The Ever-Changing Flash Market: The Good and Bad
As the months went on, we both started to reach our limits. Both of us dealt with some personal issues, and the pressure already started piling up. We now had to rely on our families to keep us going, but we knew that this couldn’t go on any longer.
For me, the hardest thing to deal with was my marriage falling apart. I tried to avoid resolving it until the end of the project, but eventually it just affected me too much. After the separation, I went through a short slump but had a lot of time to reflect. So, when I had pulled myself back together, I knew it was time to bring things to the logical ending.
After one last major push to add a layer of polish and quality, we were finally ready to present Fearless Fantasy to potential sponsors. By this time, we had put so much of our personalities into the game that we didn’t really expect it to be profitable. Nevertheless, we were hoping to get an offer good enough to keep us going for a while, while we worked on sequels or new projects.
The Flash market just wasn’t where it used to be when we started the project.
We contacted a few sponsors and received some phenomenal feedback, while the exact offers turned out disappointing. We had to realize that the Flash market just wasn’t where it used to be when we started the project, and our prospects looked grim. We were ready to cut our losses and put our hopes into a quick sequel or mobile release, but then we met tinyBuild.
tinyBuild’s Vote of Confidence
Alex Nichiporchik from tinyBuild played our game and liked it enough to offer us a publishing deal. He brought up the idea to get the game on Steam, like they did with their own Flash game No Time To Explain before. We had considered this before, but going through Greenlight looked too daunting given the situation we were in. tinyBuild’s vote of confidence and the possibility to bypass Greenlight convinced us to give it a try, and it’s not like we had anything to lose at this point. Of course, this also meant a few additional months of hard work.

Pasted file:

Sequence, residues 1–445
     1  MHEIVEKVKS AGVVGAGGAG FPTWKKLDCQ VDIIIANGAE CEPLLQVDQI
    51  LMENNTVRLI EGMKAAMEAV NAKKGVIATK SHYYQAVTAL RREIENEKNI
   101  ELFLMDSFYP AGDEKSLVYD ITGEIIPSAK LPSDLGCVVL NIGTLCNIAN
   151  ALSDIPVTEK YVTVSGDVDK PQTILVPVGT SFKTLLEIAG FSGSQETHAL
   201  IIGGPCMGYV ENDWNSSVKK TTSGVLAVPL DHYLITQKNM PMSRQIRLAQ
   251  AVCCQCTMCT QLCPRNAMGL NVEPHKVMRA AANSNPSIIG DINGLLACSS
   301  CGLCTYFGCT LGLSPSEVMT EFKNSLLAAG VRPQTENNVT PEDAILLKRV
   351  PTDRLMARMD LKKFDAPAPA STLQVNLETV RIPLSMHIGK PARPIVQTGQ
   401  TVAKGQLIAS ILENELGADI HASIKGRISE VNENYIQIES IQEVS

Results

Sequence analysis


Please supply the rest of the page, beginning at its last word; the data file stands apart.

The biggest task was to properly support high-resolution full-screen displays. What helped us was the fact that we had already chosen a rather large resolution for the Flash game, and used bitmap graphics exclusively, so we could set the stage quality to low and get reasonable rendering speeds from Flash. But we were already pushing Flash to the limits, and increasing the pixel counts to potentially very large numbers still posed a real problem. Our solution was to sacrifice disk space (which now was much less crucial) for the sake of performance by pre-rendering complex characters into a number of static frames.
We had already chosen a rather large resolution for the Flash game, and used bitmap graphics exclusively, so we could set the stage quality to low and get reasonable rendering speeds from Flash.
The remainder was more straight-forward, and tinyBuild was able to help us out with their experience. We used MDM Zinc to package the game for Windows (incidentally AIR was not an option because it does not allow low stage quality with the desktop profile for some reason) and used a Steam extension they provided to implement achievements and cloud storage. Of course, we also improved the quality of the audio and graphics, and bought a few more music tracks since we could now afford the disk space.
We used MDM Zinc to package the game for Windows, and a Steam extension to implement achievements and cloud storage.
A Bad Surprise on Release Day
Finally, we were ready for the big release. After everything we went through to get to this point, I couldn’t even tell whether I felt more relief or anxiety. It was probably the strangest feeling I’ve ever experienced. Then, on the day of the release, Gamasutra posted a feature about how Steam is being flooded with games, and what this would mean for small game developers. Reading this on the actual day of our release was a bit surreal and, as it turned out, we released simultaneously with a large number of games, some of them highly anticipated.
We released simultaneously with a large number of games, some of them highly anticipated.